The ESB has come a long way since it opted to demolish 16 Georgian buildings in a row on Lower Fitzwilliam Street in 1965.
The demolition provoked a culture war between traditionalists and modernists which still resonates to this day. Many traditionalists have never forgiven the ESB for what they see as an act of cultural vandalism in which the longest row of Georgian houses in Dublin was broken up.
Worse still it was replaced by a brutish 1960s concrete building designed by Sam Stephenson which was in turn demolished in 2017.
Many in the 1960s, including members of the government, were glad to see the buildings go. Kevin Boland famously described supporters of the status quo as “belted earls” – relics of the old Anglo-Irish aristocracy.
More than a half-century later, calmer perspectives now prevail. The ESB is to team up with the Irish Heritage Trust to develop No 12 Fitzwilliam Street Lower as a museum of Georgian Dublin.
The house was saved from the wrecking ball when the ESB demolished numbers 13-28 Fitzwilliam Street Lower.
No 12 was built in the 1820s and has retained many of its original features including staircases, door cases and associated joinery, window boxes and shutters, ceiling centrepieces and marble fireplaces.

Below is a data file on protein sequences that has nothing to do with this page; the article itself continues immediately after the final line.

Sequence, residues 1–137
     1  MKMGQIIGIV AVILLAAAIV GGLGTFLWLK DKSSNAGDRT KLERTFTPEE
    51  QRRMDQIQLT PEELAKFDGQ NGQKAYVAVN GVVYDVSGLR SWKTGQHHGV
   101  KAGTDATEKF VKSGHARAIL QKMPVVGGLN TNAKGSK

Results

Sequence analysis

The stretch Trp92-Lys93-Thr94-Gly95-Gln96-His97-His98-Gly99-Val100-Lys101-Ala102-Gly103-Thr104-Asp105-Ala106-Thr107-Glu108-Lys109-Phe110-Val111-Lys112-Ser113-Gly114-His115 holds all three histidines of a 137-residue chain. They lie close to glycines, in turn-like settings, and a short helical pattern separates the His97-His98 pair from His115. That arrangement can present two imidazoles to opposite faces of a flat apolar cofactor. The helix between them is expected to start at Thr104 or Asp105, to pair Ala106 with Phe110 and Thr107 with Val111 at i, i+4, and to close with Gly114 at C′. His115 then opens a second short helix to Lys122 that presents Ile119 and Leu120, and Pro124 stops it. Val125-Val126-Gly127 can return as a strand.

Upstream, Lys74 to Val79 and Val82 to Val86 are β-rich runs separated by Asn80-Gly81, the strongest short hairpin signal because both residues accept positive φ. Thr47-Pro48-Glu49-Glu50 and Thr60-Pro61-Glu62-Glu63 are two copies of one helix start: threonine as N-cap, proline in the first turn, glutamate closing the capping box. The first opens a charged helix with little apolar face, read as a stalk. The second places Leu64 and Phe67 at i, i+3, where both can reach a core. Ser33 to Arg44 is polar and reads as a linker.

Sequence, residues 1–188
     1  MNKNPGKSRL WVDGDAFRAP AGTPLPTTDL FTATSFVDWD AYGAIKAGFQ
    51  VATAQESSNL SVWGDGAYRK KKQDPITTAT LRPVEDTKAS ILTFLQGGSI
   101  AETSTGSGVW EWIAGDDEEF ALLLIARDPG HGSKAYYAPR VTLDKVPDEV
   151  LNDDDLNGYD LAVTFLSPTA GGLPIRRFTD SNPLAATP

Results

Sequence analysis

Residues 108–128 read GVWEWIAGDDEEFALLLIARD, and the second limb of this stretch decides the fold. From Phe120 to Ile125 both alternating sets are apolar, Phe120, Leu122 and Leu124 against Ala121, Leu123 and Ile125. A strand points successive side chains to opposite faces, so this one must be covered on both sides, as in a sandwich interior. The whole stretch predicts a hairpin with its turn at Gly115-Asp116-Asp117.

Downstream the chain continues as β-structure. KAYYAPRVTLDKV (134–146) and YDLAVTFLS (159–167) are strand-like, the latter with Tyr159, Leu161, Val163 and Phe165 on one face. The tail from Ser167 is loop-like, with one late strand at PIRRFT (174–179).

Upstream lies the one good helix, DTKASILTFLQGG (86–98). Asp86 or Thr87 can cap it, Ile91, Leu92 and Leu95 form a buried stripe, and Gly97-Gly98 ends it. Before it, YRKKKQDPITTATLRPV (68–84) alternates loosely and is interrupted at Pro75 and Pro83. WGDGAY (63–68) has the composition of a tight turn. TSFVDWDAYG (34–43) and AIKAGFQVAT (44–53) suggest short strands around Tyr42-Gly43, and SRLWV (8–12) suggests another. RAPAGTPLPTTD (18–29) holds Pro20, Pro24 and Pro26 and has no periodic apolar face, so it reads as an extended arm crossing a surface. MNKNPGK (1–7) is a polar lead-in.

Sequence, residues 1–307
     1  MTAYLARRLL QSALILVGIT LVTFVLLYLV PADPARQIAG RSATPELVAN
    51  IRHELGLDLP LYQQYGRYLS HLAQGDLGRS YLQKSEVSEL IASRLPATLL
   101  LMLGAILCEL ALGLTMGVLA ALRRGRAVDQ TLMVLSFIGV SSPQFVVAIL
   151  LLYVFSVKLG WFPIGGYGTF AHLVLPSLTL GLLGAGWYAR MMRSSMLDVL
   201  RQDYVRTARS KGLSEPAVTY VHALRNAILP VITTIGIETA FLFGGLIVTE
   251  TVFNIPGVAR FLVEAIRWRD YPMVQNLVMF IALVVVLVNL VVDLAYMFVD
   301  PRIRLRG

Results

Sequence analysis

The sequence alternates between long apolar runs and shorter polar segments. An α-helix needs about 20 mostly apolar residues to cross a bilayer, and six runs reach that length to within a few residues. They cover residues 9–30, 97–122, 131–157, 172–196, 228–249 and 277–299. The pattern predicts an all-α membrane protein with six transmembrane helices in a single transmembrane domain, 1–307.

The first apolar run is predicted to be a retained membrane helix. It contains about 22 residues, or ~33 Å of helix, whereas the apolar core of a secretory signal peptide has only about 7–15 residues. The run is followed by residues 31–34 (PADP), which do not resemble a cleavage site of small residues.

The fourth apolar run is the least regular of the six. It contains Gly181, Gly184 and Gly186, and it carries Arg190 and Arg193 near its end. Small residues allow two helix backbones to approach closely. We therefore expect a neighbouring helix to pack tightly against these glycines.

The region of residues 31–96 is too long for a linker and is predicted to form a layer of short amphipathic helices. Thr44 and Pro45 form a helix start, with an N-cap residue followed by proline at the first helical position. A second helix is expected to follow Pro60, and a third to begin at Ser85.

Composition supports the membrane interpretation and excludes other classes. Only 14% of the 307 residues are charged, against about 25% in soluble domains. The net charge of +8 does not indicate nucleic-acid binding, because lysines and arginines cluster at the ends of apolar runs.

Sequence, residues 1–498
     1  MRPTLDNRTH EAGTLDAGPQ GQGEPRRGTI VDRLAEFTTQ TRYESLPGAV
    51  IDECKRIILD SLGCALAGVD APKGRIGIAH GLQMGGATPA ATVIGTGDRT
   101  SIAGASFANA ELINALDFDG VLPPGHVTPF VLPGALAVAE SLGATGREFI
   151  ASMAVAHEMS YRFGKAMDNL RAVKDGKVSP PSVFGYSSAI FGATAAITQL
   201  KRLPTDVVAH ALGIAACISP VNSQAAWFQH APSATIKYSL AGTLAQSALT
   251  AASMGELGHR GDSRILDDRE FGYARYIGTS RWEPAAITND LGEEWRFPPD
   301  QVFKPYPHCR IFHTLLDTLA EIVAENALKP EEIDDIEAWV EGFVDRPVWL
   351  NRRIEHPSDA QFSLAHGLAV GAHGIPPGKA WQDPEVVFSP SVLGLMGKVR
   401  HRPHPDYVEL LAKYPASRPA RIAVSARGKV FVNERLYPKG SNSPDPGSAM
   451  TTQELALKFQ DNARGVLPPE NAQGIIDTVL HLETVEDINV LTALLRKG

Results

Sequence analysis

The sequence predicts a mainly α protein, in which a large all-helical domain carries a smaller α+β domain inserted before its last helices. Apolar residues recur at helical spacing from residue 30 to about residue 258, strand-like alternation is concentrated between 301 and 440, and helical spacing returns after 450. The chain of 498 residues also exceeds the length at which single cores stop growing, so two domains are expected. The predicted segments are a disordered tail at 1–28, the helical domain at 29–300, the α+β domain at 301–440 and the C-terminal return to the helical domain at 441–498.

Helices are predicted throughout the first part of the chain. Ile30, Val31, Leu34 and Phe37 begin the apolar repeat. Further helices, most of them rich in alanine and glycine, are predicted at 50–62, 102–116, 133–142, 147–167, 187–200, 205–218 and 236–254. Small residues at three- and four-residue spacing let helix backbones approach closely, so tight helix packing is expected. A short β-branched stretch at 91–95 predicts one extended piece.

The Trust and ESB will progress with a conservation-led refurbishment of the building.
It is envisaged that the new attraction will connect the history of Georgian Dublin and Fitzwilliam Street Lower and the development of science and technology in the home over 200 years.
Separately, No 29 Fitzwilliam Street Lower will be converted into three family sized homes, supporting the restoration of residential living in the South Georgian Core.
These units will join the eleven homes that were completed in 2022 as part of the restoration and adaptation of former ESB Georgian houses on Mount Street Upper and Fitzwilliam Street Lower.
The refurbishment of No 12 and No 29 will be designed by a Grade I Conservation Architect and will showcase how energy efficiency can be improved in similar historic buildings while respecting the protected status of the houses.
The ESB says it is not an act of “sackcloth and ashes” given its previous history. A spokesman pointed out that ESB has already sensitively restored a number of Georgian buildings in the past.
ESB’s executive director of engineering and major projects Paul Smith said the museum will be “respectful of its Georgian surroundings and will showcase Georgian Dublin and technological development in domestic life over 200 years”.
The Irish Heritage Trust chief executive Anne O’Donoghue said she hoped to develop “an immersive visitor experience for this building, and we welcome the opportunity to connect people to its history through innovative and imaginative interpretation as well as education, events and volunteering whilst ensuring all works are completed in a sustainable manner”.
A planning application is like to be submitted in the last quarter of 2023 and the first quarter of 2024. A budget has not been set as of yet but is likely to be in millions. A build period of four years is expected once planning permission is granted.